“Dude, we should totally hook you up with a chick tonight. You must be blue as hell, seeing as how you're allowed not getting any from those college chicks you teach, right?”

Isaiah looked up at him with drunken annoyance.

“You know I'm with Lisa. Are you dumb? You know what—you know what, dude—you're right. I'm gonna go out there and just put two years with this girl in the shitter by sleeping with some club-skank that likes my shirt. Kay, man.”

“Doesn't need to be a Herpes Monster, dude,” slurred Derek.

Isaiah laughed. “I'm good. But by all means, go ahead. I can catch a cab.”

He looked into the crowd now, wondering which guys would end up getting “lucky” tonight. The club seemed to suddenly have a vibe that emitted exactly what was coming off of Derek. This feeling, this overt sensuality, seemed to float around the place, intertwining with the swirls of pot and cigarette smoke. He saw a ponytailed girl in a backless auburn dress laugh at a guy's joke; her eye's telling him more than he needed to know. She gave a small involuntary touch to his chest as she smiled. He made a small gesture to the door. They moved out, smiling daggers at each other. Isaiah remembered seeing an old VHS of how lions courted, fierce and abrupt, a straightforward act that left no room for confusion. There were games to be had, no love to be taken—none wanted. Just the satisfaction. Out there it was like eating and drinking. Swingers, he thought to himself.

Then there were the meek faces, the ones that looked on at a girl, but were either too afraid to approach them or too afraid to be one of “those” guys—the kind of guy those girls before warned each other about. He could tell which would break, and which would silently sip their beer, nodding their heads like some obscure species of bird. Donning a purple silk suit and matching forty-dollar haircuts were all that stopped a pair of them from coming up to an unsuspecting girl and bouncing her between them.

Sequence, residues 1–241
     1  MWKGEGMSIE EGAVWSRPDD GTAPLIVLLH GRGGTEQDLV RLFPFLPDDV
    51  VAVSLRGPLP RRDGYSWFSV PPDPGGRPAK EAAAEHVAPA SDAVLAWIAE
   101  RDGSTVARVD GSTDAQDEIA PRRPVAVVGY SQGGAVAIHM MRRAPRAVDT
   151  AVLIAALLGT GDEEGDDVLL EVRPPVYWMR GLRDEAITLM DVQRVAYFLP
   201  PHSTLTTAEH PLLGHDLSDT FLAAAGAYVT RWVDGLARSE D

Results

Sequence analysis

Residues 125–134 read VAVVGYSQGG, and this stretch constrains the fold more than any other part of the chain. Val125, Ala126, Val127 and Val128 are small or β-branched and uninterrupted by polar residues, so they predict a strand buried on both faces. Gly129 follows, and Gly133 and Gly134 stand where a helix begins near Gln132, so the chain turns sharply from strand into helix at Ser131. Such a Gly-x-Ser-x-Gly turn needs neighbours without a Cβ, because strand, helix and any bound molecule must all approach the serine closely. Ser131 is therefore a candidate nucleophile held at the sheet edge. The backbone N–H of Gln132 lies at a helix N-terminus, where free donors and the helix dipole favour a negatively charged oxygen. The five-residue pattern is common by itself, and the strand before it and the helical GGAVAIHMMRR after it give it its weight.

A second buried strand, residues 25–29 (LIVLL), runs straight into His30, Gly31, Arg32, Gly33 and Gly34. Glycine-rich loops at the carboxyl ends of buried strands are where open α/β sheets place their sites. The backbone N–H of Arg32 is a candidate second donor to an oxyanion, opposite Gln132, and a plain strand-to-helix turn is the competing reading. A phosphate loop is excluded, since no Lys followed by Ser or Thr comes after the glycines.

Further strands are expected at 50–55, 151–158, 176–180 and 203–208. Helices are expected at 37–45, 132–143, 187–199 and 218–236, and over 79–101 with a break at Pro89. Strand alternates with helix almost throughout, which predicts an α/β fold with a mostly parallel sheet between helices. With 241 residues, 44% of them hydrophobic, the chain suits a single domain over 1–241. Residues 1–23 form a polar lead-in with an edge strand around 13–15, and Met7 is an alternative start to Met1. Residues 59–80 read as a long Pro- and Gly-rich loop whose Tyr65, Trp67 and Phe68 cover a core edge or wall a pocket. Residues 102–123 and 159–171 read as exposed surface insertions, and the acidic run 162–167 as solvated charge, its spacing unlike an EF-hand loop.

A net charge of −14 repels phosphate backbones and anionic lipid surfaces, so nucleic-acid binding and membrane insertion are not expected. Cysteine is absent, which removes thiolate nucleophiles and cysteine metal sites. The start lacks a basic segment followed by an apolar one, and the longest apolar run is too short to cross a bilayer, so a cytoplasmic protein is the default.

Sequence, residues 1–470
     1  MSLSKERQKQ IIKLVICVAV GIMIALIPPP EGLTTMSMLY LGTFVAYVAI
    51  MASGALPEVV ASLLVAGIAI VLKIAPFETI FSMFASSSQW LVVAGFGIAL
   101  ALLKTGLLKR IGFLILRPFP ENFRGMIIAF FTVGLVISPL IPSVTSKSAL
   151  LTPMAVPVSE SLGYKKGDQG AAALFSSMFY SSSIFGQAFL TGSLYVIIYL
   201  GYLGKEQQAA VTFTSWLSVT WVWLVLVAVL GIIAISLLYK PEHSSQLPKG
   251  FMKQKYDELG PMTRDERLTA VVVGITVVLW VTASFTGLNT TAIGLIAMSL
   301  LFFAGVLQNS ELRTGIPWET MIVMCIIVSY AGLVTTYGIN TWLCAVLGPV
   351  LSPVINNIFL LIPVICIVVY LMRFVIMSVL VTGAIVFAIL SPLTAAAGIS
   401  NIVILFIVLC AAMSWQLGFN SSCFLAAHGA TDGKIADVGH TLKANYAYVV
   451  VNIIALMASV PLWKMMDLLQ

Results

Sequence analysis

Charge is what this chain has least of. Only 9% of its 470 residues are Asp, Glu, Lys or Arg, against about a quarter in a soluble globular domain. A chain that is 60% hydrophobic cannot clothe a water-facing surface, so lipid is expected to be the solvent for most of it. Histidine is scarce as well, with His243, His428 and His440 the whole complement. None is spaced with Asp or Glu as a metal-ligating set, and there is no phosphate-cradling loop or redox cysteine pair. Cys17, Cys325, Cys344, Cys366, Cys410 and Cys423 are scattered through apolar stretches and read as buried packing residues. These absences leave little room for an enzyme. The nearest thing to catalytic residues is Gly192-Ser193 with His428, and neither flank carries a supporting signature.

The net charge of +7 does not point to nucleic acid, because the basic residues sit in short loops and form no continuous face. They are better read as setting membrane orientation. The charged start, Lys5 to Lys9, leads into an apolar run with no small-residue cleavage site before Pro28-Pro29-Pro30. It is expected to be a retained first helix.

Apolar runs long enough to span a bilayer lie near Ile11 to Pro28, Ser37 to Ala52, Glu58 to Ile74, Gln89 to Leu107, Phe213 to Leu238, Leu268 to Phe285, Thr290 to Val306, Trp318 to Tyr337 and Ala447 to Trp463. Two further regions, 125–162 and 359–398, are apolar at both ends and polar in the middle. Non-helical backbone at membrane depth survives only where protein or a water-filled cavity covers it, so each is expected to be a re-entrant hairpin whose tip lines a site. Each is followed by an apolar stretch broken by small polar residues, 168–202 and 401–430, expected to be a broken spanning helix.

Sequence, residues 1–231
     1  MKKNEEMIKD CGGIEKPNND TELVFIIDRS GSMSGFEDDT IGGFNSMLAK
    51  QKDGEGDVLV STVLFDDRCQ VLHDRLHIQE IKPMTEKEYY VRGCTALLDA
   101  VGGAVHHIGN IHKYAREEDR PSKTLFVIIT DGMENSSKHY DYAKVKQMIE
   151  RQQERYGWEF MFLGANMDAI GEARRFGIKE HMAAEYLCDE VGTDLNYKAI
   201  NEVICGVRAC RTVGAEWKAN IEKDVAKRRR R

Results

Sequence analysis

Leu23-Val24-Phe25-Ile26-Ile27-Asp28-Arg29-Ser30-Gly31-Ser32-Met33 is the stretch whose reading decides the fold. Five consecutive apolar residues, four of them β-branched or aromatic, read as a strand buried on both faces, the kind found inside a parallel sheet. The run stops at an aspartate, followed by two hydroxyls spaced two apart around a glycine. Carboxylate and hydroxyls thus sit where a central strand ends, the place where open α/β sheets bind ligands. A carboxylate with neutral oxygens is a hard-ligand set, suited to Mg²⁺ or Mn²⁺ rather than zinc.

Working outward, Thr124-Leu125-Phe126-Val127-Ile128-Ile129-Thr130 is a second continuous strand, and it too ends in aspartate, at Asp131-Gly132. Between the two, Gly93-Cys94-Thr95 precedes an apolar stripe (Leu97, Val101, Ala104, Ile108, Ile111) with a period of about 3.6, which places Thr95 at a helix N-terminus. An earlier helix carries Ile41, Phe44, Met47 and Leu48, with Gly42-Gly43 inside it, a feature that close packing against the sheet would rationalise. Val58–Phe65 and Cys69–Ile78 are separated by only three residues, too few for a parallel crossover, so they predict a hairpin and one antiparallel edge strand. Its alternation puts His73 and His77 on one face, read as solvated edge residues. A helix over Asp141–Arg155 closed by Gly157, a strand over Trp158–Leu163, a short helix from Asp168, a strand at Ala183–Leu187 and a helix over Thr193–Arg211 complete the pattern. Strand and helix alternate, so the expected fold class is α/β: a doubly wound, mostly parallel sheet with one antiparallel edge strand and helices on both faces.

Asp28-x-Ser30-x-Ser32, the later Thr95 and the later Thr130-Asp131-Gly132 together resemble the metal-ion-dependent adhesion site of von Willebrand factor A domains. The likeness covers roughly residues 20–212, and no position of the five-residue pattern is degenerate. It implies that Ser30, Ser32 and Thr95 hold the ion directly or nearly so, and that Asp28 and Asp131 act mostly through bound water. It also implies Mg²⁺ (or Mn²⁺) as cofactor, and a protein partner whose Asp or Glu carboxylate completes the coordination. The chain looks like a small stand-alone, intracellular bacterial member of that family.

He spotted a young man in a baby-blue shirt gripping at his bottle as the girl he was talking to walked away, her plastic smile fading as she turned. Was she so vain, or was he so gauche? From the bar he could see the internal fight within them, and the slow transformation of some. Isaiah remembered the feeling.

            He was about to turn and make a snide remark about the shy-guys to Derek, but he was already gone. He looked into the crowd again, and like something out of Back-To-The-Future he saw the familiar lion dance, except the guy was Derek. There it was again: the same laugh, the same touch, and the same gesture. He was guessing the same result, too.

            “Don't fuckin' believe it,” he breathed to himself. Record time for him, probably.

            “Your friend—he left, huh?” said the cute bartender, smiling.

            “It seems so,”

            “Well…” she said slowly, her elbows resting on the counter as she leaned forward. She smelled nice, his brain warbled thickly. “Ain't it a shame. You know…I should ask you…”

            “Yeah?” His heart was pulsing to the rhythm of the hard dance music. The alcohol sloshing within him kept any image of Lisa out of his head and put images of intense coitus there instead. He noticed a tattoo of a male Northern Cardinal peeking through a sleeve of her upper arm. Her words were velvet, even when she said—

            “You paying for his tab?”

            He laughed at himself and paid the bill for him and his ass of a friend (tipping generously) and ventured out into the midnight haze, hailing a cab home.

            Isaiah immediately hopped into the shower. The night was draining and he sucked in the hot vapors, hoping it would clean out the ash and fumes undoubtedly toiling deep in his lungs. He let the spray of the jets wash over him completely.

            He went to bed without dressing. Lying awake, he wondered if Derek and the backless-dress girl slept soundly, in their unknown beds with their unknown lovers. Isaiah lied there, staring at the infinitely blank ceiling. He then turned over, for fear of choking on his own vomit in his sleep.